On Friday, May 19, Kay-Nah-Chi-Wah-Nung Historical Centre was presented with a historical medal which dates back to the signing of Treaty #3.
The 150-year-old medal had formerly been on loan to the Fort Frances Museum and was in the care of Fort Frances resident Ted Brockie and his sister Helen Moszynzki, having been handed down by their grandfather, Bruce Lloyd.
At the ceremony, Brockie told those gathered about how Lloyd came to be in possession of the medal.
At one time, Lloyd owned the Lloyd Tourism Emporium. Brockie said his grandfather employed many Indigenous guides as part of his business. During the off season, Brockie’s grandfather would help his employees out by providing them with groceries and along the way, Brockie said, the medal was given to him.
During the presentation, Rainy River First Nations (RRFN) Chief Marcel Horton discussed the significance of the return of the medal.
“It’s amazing to be standing in the presence of a medallion that was handed out 150 years ago, just outside of Sioux Narrows, Northwest Angle,” Horton said.
Kay-Nah-Chi-Wah-Nung archivist and grant manager, Jessie Richard told the Times a bit more about the piece.
“The medal is extremely significant for the museum to be receiving,” Richard said. “It is an original Treaty #3 Signing Medal. That means that when the chiefs were signing the Treaty #3 agreement, they each received a medal, a commemorative medal.”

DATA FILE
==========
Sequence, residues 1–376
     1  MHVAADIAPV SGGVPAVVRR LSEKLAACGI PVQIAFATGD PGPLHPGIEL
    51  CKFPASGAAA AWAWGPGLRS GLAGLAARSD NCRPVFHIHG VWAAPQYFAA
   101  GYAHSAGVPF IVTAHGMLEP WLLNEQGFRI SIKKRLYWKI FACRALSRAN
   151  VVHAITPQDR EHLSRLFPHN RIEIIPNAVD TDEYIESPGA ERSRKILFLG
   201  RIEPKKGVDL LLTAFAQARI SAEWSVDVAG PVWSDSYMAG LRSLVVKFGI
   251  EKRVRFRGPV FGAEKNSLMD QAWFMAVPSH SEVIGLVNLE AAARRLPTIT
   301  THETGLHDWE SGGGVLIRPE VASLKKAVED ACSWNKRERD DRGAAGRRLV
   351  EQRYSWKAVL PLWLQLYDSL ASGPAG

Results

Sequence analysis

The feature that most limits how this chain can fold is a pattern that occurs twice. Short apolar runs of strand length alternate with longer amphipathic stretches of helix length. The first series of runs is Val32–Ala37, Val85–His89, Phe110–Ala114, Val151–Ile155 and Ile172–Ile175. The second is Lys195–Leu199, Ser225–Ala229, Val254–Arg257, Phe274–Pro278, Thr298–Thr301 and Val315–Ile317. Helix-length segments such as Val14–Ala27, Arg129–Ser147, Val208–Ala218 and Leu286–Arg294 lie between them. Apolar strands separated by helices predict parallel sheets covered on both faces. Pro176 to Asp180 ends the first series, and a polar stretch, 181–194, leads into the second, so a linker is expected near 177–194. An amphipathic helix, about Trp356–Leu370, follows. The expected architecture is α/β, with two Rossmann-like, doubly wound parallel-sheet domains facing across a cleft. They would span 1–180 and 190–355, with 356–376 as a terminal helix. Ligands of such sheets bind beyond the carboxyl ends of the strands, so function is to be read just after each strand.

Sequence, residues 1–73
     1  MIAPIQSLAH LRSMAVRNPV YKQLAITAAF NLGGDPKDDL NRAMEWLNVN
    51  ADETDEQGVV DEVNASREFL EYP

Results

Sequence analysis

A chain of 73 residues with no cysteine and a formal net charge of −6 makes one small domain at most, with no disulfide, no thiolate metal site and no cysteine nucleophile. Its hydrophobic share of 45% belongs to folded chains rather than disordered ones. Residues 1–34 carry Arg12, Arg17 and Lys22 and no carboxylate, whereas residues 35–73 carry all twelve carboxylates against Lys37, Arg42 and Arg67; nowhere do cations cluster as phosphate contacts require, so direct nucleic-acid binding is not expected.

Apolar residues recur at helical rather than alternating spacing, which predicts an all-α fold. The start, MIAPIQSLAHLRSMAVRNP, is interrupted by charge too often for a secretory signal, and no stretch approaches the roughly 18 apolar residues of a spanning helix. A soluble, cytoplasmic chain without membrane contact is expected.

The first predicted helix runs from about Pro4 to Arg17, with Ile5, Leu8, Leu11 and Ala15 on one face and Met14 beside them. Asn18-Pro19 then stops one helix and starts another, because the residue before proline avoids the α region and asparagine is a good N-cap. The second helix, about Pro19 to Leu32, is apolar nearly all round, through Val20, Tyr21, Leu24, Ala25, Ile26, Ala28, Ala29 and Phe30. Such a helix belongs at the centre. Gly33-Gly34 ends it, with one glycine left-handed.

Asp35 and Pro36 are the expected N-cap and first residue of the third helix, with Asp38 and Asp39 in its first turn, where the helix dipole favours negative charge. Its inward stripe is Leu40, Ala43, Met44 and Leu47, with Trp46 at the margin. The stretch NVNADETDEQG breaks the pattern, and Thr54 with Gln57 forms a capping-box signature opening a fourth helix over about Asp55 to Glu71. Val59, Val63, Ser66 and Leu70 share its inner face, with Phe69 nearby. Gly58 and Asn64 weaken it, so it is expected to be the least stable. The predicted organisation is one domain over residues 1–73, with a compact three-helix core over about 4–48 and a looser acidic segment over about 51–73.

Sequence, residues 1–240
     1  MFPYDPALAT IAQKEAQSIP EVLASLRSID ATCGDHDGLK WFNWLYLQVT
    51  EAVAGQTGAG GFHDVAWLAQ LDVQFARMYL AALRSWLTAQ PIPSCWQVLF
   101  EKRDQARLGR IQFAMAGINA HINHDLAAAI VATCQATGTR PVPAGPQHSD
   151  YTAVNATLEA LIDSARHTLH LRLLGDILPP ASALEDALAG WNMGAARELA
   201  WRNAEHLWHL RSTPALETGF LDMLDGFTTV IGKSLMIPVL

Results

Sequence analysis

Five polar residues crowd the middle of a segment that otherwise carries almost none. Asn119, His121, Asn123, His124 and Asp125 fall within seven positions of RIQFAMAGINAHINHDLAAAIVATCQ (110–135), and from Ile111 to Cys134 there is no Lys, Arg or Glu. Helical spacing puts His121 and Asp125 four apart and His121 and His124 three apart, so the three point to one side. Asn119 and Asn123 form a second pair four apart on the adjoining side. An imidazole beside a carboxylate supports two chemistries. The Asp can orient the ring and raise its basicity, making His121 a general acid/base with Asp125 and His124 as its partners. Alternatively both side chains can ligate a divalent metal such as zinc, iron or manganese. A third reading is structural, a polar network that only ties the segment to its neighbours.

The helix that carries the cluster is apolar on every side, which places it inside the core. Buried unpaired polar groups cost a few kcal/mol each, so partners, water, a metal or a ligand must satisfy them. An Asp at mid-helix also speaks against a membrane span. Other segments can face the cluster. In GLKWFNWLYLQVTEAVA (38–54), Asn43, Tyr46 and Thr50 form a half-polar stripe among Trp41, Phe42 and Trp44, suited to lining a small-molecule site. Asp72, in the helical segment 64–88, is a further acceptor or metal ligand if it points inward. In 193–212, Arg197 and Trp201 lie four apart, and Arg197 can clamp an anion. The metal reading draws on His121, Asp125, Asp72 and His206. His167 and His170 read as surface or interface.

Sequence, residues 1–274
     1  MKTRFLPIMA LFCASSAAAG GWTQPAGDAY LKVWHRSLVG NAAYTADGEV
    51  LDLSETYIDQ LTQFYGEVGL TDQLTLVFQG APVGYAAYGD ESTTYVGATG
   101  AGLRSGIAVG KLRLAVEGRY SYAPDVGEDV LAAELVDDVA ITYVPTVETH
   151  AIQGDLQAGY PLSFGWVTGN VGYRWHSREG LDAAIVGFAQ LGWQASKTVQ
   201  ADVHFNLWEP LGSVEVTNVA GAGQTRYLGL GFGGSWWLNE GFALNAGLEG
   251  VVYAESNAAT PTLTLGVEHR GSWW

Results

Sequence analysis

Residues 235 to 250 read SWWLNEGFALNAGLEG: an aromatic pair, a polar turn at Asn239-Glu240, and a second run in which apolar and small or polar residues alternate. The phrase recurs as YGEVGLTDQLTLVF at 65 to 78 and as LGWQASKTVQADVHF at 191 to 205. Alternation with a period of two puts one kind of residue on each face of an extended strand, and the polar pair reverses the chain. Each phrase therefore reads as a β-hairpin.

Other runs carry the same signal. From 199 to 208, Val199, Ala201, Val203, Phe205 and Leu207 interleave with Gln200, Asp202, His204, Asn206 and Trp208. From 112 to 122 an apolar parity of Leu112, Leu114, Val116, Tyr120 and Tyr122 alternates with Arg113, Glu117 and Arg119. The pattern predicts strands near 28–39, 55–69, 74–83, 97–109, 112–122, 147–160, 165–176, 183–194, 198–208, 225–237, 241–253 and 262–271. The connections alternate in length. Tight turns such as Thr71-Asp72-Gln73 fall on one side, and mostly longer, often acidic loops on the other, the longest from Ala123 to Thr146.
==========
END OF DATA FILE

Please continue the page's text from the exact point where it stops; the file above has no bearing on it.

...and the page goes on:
There is only one other Treaty #3 medal known to be still in existence.
As a symbol of thanks for to the family, RRFN presented the family with a plaque which said: “To the family of Bruce Lloyd, Rainy River First Nations and Kay-Nah-Chi-Wah-Nung Historical Centre would like to express our sincere gratitude for your immensely impactful gift of an original Treaty #3 signing medal. This medal will be housed at Kay-Nah-Chi-Wah-Nung Historical centre where community members, researchers and guests will be able to view and study it while its safe preservation is kept at the highest of standards. Your generous donation will allow generations to come to experience and to reconnect with the past and to drive the future generations with the love of history.”
The family was also presented with a beaded medallion, an eagle feather, and a star quilt as a gesture of thanks.
The 150th anniversary of Treaty #3 will be commemorated this October with an exhibit at Kay-Nah-Chi-Wah-Nung and the medal will be featured in the display.